We made an early start on Tuesday for our epic 12-hour road trip to Bath and WOMAD. Plenty of sweets and stops helped to pass the time and on the way we delivered the rather large packages containing the totems and coracle to the concierge at the Crowne Plaza, NEC ready for the FOQ judging. After Birmingham we left the monotony of the motorway and travelled across country to Bath on The Fosse Way, an ancient Roman road. The weather was perfect and the scenery was beautiful.
We spent two lovely days in Bath, exploring, wandering and revisiting my old student haunts. The city was familiar yet there were some new areas near the bus station that had been totally transformed. It was fun to rediscover cafes and shops that had not changed at all since I left 21 years ago. I drove the Landy up and down the hilly streets pointing out landmarks and pubs and was I unable to resist driving 4 laps around the Royal Circus. We stayed in a super Edwardian terraced house in Odd Down, travelling into the city by bus. We took an open-top-bus tourist trip to experience the best views, frequently ducking to avoid overhanging tree branches. The Roman Baths were impressive and far less busy by torchlight in the evening; the children even found the Fashion Museum fairly interesting. I felt quite nostalgic and enjoyed listening to the soft West Country burr again. I have decided that “Lush” should become my favourite term of appreciation.
The WOMAD festival was only about 12 miles up the road at Charlton Park near Malmesbury. We queued for ages in the hot sun before we were able to get into the festival and check-in to our hired yurt. The yurt was a different design to the one we have at home since it had a much higher roof pitch. It was quite a haul to shift our large quantity of camping equipment but we made good use of it all. Our neighbours were impressed to see us making pancakes and drinking fresh coffee each morning for breakfast. The fairy lights and bunting stamped our mark on it. I was glad that I had packed so many blankets since the temperature cooled down considerably at night.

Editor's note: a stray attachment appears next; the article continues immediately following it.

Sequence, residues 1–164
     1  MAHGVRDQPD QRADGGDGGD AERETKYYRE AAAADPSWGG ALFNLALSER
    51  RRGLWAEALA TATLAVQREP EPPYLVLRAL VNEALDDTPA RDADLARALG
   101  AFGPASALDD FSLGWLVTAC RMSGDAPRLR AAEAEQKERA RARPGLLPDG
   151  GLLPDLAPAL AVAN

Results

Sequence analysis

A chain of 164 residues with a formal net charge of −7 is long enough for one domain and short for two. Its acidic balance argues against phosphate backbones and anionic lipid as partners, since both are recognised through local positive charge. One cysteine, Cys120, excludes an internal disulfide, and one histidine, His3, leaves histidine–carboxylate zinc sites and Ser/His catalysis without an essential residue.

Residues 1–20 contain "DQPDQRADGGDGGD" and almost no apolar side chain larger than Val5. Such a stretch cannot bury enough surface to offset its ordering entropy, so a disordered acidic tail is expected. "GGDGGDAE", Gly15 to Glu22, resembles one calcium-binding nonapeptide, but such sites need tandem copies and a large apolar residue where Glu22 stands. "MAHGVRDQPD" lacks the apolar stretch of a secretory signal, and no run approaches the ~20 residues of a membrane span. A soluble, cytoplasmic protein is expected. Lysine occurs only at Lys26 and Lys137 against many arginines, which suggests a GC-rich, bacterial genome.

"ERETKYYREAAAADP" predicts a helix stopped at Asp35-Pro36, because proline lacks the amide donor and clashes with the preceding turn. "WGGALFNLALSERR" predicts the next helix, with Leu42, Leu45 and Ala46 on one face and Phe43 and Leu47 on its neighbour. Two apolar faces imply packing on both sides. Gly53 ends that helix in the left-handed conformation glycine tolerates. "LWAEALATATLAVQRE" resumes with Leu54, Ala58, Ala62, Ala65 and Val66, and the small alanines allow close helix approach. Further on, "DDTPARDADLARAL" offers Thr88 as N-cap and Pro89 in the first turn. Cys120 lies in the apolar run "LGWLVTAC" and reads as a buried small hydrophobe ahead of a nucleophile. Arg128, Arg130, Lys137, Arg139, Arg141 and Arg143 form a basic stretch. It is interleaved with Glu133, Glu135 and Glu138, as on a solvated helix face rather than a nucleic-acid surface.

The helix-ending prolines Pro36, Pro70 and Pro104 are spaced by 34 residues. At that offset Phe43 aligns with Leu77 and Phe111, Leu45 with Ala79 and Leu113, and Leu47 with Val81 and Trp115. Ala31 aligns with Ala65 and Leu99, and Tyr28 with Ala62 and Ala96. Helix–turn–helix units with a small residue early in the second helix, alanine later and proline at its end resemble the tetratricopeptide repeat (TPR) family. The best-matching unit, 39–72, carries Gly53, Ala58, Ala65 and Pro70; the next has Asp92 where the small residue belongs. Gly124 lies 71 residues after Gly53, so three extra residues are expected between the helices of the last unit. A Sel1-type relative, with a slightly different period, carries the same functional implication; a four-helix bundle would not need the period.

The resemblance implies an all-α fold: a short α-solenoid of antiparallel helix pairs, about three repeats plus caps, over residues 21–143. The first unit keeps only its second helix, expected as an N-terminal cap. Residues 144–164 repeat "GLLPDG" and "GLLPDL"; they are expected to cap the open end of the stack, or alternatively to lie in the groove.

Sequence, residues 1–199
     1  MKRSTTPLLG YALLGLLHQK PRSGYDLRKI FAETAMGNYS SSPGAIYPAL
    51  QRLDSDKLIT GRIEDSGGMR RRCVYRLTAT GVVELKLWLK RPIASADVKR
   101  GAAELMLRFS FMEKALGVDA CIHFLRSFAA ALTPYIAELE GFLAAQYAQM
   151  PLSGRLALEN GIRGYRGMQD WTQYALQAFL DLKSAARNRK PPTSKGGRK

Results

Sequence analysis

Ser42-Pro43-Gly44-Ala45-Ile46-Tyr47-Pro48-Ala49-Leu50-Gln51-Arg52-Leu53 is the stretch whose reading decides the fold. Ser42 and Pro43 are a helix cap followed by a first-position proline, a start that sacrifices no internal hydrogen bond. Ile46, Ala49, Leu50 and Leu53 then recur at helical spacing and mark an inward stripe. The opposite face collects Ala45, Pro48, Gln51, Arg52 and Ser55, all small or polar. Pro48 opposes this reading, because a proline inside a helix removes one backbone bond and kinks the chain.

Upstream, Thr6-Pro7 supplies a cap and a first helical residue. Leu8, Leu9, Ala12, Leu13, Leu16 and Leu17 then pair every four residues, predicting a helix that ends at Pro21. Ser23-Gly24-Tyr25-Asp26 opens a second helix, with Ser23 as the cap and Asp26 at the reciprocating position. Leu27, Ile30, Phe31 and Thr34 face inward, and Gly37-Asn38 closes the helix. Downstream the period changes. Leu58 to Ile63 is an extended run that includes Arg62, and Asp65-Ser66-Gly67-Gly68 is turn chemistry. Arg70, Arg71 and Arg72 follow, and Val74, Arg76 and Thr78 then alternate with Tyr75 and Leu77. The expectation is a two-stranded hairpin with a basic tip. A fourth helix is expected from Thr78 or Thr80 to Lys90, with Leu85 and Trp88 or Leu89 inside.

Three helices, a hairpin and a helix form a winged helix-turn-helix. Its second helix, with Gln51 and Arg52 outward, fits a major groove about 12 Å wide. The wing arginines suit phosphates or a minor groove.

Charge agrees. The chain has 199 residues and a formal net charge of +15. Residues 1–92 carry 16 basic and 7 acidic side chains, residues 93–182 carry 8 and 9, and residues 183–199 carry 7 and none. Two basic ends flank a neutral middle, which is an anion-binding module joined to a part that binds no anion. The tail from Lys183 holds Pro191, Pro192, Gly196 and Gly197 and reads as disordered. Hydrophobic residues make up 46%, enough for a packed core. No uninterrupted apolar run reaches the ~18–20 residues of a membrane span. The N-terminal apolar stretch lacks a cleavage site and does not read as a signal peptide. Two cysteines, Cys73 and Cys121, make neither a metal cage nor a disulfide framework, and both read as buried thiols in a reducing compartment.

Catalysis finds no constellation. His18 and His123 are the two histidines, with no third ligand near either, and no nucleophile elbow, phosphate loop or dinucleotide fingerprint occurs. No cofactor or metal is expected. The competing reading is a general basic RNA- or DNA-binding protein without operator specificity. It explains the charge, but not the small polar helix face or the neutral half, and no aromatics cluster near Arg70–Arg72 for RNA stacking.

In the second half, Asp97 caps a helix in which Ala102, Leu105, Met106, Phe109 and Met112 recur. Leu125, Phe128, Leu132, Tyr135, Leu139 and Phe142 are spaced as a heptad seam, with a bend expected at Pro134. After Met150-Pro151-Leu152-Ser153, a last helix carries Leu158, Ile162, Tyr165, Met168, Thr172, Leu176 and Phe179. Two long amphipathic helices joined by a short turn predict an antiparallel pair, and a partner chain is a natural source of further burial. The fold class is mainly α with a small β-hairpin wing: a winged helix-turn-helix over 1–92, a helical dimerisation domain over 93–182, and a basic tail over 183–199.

WOMAD was a great introduction to a British summer festival. It was very family friendly and there were all sorts of people there from hippies and oldies to posh people and students. Many people wore wacky festival outfits, mad hats, body paint and henna tattoos. If they had not remembered to pack any of these then these could all be purchased from a diverse range of stall holders or the huge Oxfam sales tent.
There was a terrific selection of exotic food on sale but we did most of our own catering since it would have been too expensive to eat out for every meal. The children could attend as many music or art workshops as they wanted or learn circus tricks. There were uni-cyclists, healers, chai tea shops, sari sellers, a steam funfair and in between we helped out a little in Mo and Willow’s fabulous felt stall.
The weather was glorious most of the time but after a heavy thunderstorm the parched field turned muddy. The chemical loos were rather stinky but we did have good showers to make up for that. However, after spending all day outside in the sun and wind I ended up with rosy cheeky and wild looking hair.
There were many wonderful musicians from all over the world but the unlikely stars of the festival must have been “The Malawi Mouse Boys”. Everyone was touched by the story of some very modest guys from a tiny rural village in Africa who caught and roasted mice-on-sticks snacks to make their living. They were discovered by chance by an American music producer who insisted that they made a record. WOMAD was only their third ever performance for an audience and they had never even used stage equipment before.
It was a totally “different” type of family holiday but we agreed that it would be fun to do it again another year so we made a list of the stuff that we would add to our essential equipment list - a wheelbarrow would be very useful to cart around deckchairs, wine, sunhats, wellies and tomato ketchup!